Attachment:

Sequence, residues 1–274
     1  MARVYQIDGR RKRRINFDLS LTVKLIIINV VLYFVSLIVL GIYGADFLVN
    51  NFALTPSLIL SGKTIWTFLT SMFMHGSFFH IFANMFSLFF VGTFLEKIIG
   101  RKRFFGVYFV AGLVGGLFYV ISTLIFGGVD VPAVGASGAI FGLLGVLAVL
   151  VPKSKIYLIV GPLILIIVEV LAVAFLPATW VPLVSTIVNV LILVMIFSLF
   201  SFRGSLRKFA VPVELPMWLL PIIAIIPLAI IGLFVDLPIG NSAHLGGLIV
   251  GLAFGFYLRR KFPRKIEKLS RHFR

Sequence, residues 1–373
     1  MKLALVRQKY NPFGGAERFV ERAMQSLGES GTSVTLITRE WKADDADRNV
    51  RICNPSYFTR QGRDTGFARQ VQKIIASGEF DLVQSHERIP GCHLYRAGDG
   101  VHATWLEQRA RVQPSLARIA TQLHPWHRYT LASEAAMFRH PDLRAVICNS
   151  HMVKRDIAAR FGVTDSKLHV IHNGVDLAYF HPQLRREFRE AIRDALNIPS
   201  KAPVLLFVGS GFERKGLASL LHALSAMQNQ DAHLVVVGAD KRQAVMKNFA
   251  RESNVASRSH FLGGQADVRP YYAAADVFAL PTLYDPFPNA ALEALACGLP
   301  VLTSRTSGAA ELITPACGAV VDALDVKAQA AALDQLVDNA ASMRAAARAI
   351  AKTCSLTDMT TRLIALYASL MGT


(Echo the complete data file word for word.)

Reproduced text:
Sequence, residues 1–274
     1  MARVYQIDGR RKRRINFDLS LTVKLIIINV VLYFVSLIVL GIYGADFLVN
    51  NFALTPSLIL SGKTIWTFLT SMFMHGSFFH IFANMFSLFF VGTFLEKIIG
   101  RKRFFGVYFV AGLVGGLFYV ISTLIFGGVD VPAVGASGAI FGLLGVLAVL
   151  VPKSKIYLIV GPLILIIVEV LAVAFLPATW VPLVSTIVNV LILVMIFSLF
   201  SFRGSLRKFA VPVELPMWLL PIIAIIPLAI IGLFVDLPIG NSAHLGGLIV
   251  GLAFGFYLRR KFPRKIEKLS RHFR

Sequence, residues 1–373
     1  MKLALVRQKY NPFGGAERFV ERAMQSLGES GTSVTLITRE WKADDADRNV
    51  RICNPSYFTR QGRDTGFARQ VQKIIASGEF DLVQSHERIP GCHLYRAGDG
   101  VHATWLEQRA RVQPSLARIA TQLHPWHRYT LASEAAMFRH PDLRAVICNS
   151  HMVKRDIAAR FGVTDSKLHV IHNGVDLAYF HPQLRREFRE AIRDALNIPS
   201  KAPVLLFVGS GFERKGLASL LHALSAMQNQ DAHLVVVGAD KRQAVMKNFA
   251  RESNVASRSH FLGGQADVRP YYAAADVFAL PTLYDPFPNA ALEALACGLP
   301  VLTSRTSGAA ELITPACGAV VDALDVKAQA AALDQLVDNA ASMRAAARAI
   351  AKTCSLTDMT TRLIALYASL MGT